In his stand-up Fringe show, ‘Goodbye Scars,’ Glenn Wool is getting personal. Really personal. In it, the charismatic Canadian (described as a cross between Jack Black and Meat Loaf) talks frankly about the aftermath of his nasty real-life divorce. “It’s about forgiving yourself for things,” says Glenn, “Sometimes it’s good to play things through, and to have regrets. It’s a theme I keep in all of my shows; where you end up is about where you’ve been. I think it’s a sign that you’re totally over something if you can talk about it on stage.”If this is the case, Glenn is certainly over it, and his honesty is effortlessly funny. “I think it makes it more accessible to everyone. I’ve said to myself this is the last really personal show I’ll do though. I’ll go on to more political stuff, drug humour, that kind of thing.” I had read somewhere that Glenn had given up drinking, but am assured that he has done no such thing, “I tried for three months, but then I had to give up sobriety.”As we appreciate non-sobriety together after his show, the edgy and buzzing Glenn that I saw on stage gives way to an equally affable, but exhausted, one. And it’s no wonder; directly before his gig he performs nightly in the Fringe hit ‘Office Party.’ “It’s a spectacular show,” he tells me, “I’m not just saying that. We did it in the Barbican in London in September as well.” He can’t stick around for the party which happens after the show finishes though, “I have to leave before it ends to get to my gig!”Like many, Glenn enjoys the collective aspect of the Fringe, “It’s like a convention of all of my friends. It stretches you as a performer too. I like that.” He feels that some are being stretched in the wrong direction, though, “What you tend to get with trends in comedy is that people at the forefront are really good but others just switch for the sake of it, when they should really do their own thing and find their own voice. Some people are just good-looking or something, or someone says to them ‘be like him!’ so they do.” This approach is definitely not for Glenn, whose constant semi-stoned air is punctuated by brilliantly extreme expressions of fear and surprise and sharp observations that reveal a shrewd talent for selecting material. He entrances the audience with detailed stories that build up to a single, triumphant punch line, which he says is all to do with know-how; “The stories I’m telling now I couldn’t have done as a less experienced comic. You learn how to hold attention. Before that you just know that something funny has happened but you don’t know how to put it on stage. I’ve still got stories in the bag!”After pursuing a particularly sensitive theme this evening, he explains that you can’t always please everyone. “I knew some people wouldn’t like it, as they didn’t like the original joke, but tonight I wanted to reward the core group who were enjoying it. As I always say, those are the kinds of things that lose you awards but win you an audience that you’ll want to stay friends with for life.” Glenn has undoubtedly not achieved the fame that his ability merits, which could be to do with his lack of interest in awards, but choosing to push the boundaries rather than play it safe is just another quality that recommends him as one of the most refreshing comics on the circuit at the moment.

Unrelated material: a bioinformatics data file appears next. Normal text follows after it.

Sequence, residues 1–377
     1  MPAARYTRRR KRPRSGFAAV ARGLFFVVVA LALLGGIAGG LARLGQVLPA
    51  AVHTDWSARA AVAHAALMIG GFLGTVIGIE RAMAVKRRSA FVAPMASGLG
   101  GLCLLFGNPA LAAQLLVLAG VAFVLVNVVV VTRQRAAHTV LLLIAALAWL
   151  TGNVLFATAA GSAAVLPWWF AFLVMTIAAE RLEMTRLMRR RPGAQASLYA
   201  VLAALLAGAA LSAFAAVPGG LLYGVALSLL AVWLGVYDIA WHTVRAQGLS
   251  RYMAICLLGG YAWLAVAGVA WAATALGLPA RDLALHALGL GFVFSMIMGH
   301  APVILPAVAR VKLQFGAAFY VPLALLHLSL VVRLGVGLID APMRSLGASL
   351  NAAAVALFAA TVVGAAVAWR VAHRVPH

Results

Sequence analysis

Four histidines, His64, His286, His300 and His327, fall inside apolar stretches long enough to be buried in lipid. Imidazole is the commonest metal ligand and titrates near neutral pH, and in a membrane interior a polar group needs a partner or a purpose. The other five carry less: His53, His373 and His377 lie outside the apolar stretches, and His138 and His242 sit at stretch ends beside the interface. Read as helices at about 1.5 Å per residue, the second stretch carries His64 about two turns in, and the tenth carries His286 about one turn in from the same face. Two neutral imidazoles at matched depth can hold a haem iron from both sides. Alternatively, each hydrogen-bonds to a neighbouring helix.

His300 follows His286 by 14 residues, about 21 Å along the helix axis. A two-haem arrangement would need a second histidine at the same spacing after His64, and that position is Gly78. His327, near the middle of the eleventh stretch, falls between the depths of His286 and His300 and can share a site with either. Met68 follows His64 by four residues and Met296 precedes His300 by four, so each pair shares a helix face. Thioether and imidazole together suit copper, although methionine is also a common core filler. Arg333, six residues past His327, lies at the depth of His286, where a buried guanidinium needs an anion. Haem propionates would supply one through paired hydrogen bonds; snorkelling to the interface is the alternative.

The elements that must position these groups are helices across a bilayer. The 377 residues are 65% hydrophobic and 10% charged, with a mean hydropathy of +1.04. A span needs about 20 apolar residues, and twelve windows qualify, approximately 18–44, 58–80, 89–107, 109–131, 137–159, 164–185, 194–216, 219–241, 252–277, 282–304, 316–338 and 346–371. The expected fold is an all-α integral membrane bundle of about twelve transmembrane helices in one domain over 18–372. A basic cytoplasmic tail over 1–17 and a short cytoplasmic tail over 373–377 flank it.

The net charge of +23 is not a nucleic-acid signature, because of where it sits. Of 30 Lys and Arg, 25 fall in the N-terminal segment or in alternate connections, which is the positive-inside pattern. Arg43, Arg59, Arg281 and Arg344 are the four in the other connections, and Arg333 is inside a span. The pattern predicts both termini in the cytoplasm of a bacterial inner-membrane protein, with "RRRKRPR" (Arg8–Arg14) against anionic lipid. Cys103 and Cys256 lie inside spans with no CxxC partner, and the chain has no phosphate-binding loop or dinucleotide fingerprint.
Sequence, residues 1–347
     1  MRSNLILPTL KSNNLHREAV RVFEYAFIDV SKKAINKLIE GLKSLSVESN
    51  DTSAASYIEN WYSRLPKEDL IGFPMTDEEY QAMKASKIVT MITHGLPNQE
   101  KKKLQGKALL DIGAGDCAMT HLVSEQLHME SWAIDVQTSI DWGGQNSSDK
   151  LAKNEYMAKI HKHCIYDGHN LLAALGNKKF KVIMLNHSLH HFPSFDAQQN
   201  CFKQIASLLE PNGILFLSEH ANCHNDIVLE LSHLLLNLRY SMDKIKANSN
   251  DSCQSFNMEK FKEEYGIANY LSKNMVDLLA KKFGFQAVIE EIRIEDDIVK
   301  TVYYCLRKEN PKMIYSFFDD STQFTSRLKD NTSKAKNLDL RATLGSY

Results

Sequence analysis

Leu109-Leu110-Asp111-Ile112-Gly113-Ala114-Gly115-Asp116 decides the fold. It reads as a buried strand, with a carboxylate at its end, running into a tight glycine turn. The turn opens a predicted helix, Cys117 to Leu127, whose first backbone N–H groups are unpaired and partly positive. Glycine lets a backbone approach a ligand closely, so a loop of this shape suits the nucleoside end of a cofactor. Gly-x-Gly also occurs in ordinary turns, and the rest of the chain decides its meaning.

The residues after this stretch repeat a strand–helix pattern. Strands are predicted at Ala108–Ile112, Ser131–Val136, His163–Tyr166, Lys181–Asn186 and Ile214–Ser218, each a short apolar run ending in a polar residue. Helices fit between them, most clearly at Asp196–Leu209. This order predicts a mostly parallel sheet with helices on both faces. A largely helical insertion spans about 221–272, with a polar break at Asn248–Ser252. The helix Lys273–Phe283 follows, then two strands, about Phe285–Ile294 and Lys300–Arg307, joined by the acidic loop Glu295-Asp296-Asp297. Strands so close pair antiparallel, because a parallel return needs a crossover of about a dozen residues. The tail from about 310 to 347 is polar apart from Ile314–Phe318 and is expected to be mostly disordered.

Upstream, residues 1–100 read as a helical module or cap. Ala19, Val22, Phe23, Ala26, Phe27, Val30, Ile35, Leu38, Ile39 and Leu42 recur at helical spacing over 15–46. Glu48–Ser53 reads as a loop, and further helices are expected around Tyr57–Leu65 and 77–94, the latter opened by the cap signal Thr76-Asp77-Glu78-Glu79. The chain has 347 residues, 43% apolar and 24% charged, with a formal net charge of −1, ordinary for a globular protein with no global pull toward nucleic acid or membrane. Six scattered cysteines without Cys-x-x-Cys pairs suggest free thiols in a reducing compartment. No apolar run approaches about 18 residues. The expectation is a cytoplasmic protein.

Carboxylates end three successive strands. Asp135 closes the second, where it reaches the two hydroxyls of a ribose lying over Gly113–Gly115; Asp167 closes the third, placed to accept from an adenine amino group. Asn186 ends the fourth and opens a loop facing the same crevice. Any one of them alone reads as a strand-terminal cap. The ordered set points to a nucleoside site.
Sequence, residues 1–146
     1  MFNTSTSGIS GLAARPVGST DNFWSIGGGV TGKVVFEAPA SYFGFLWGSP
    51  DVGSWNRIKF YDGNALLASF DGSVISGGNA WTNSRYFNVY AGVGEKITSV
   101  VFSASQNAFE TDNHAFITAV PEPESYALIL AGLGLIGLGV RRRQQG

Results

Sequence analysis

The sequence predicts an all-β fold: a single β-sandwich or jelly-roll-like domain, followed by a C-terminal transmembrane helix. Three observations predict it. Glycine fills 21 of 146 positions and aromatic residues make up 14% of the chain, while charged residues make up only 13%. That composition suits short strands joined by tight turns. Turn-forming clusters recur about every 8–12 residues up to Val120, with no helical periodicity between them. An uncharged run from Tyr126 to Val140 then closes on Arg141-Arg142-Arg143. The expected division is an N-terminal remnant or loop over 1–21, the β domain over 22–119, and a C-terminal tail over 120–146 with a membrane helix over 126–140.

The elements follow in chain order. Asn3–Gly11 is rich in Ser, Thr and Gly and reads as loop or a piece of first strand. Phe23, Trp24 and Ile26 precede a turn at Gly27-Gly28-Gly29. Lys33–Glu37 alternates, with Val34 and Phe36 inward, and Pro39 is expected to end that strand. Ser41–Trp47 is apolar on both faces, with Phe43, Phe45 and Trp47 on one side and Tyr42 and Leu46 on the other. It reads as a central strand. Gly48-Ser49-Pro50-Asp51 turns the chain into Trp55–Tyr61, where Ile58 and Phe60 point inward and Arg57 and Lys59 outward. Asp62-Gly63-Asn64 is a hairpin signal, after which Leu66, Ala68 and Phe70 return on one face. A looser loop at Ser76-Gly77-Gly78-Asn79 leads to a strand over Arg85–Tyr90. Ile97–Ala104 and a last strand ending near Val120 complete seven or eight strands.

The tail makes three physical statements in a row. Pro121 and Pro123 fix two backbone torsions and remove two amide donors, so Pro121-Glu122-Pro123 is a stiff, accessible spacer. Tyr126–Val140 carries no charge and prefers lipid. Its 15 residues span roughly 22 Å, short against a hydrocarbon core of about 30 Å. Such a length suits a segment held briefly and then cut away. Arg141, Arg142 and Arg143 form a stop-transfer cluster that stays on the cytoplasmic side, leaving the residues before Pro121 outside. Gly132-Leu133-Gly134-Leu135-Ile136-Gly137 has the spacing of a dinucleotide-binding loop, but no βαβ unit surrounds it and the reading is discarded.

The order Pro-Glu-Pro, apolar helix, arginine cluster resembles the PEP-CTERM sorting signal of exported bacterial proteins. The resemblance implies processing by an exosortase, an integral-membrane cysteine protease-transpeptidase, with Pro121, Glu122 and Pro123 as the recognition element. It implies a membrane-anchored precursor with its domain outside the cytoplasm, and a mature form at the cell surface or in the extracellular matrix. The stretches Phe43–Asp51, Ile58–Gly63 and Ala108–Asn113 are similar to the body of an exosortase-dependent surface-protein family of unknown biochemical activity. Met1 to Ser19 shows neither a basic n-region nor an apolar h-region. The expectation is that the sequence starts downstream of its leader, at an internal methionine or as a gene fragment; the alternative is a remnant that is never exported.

--Glenn Wool – Goodbye Scars, Underbelly, 31 Jul – 24 Aug (not 12), 10.15pm (11.15pm), prices vary, fpp 54.Office Party, Udderbelly’s Pasture, 2 – 25 Aug, 8.00pm (11.00pm), prices vary, fpp 83.
published: Aug-2008 for Three Weeks newspaper at the Edinburgh Festival
Thursday, 18 September 2008
FEATURE: The Healing Power Of Laughter
The Healing Power of Laughter
Louise Ridley talks to Glen Wool about his honest and imaginative stand-up show